Lastly, the language barrier creates for me a very personal challenge every day. Not being able to lead with questions and discussion on farms where no English is spoken leaves me restless, and I’m frustrated when I’m limited to greeting and playing with small kids, or the slow process of saying things in English, having it translated to Kimeru, have the farmer respond in Kimeru, and then have that translated back into English. They said my patience would improve while in Kenya – they were right, by necessity.

So how am I coping? I sit by the fire, tuck my toes into Jennifer’s hot pepper slippers, and drink hot dawa (“medicine”, a tea of ginger, lemon, garlic, and honey) from the biggest mug I can find. On farms, I distract myself from dialogue I cannot understand by looking around the farm, taking photos of flowers, and finding baby animals to play with. As for the kids, I do my best with smiles, waves, and “mambo!” (like, “what’s up?”).

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“Mama Patience” gifted us with miwa and asked to take a photo of us and her eldest child, Patience, our new “little sister”.


Thankfully, I have more that’s been easy than what’s been a little hard. The selection committees for our internships couldn’t have known what a great job they were doing in choosing this year’s teams, but – no exaggeration – we are all getting along so well! Life at home is incredibly comfortable. Six of us spend each evening congregated in the living room chatting over chakula (a meal),  sharing stories from the day,  and huddling together watching a bit of Harry Potter from Hannah’s computer screen before bed.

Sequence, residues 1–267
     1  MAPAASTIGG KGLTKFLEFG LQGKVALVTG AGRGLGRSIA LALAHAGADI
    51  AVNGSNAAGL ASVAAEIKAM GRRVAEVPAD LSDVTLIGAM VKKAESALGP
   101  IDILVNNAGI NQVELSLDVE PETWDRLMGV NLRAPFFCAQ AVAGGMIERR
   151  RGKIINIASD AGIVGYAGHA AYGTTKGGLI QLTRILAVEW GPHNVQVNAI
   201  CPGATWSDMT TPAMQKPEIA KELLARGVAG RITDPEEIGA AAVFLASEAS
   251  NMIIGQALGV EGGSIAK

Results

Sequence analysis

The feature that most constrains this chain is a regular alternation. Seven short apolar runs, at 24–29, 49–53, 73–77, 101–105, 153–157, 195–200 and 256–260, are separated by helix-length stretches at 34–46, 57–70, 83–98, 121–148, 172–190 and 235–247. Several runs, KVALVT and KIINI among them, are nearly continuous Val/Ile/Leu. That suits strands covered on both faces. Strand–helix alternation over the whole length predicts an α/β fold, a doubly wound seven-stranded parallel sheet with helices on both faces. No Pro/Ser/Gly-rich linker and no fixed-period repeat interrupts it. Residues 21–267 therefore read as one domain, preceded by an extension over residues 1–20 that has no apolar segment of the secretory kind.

In Naari, I am growing my Kenyan family by the day. The chairman honored me last week by telling visitors at a meeting, “Look at my daughter here. She will return to Canada, do well and graduate, then we hope she will return to Naari and we will build a house for her”.  Ladies at the dairy greet me every morning with hugs and every evening with “Ashley, tell us good news and what you’ve learned today!” I’ve “christened” a cow with her name and an ear tag, I’ve gained a little Kenyan sister, and Remmie and our driver, Ndereba, say that with every new word I learn, I am becoming more of a “Meru-ian”.

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Case day with the dairy vet techs, Ben & Magda! (Left to right: Lee, Magdalene, Ashley, Remmie. Benard missed the photo!)


Sending love and hugs to Canada!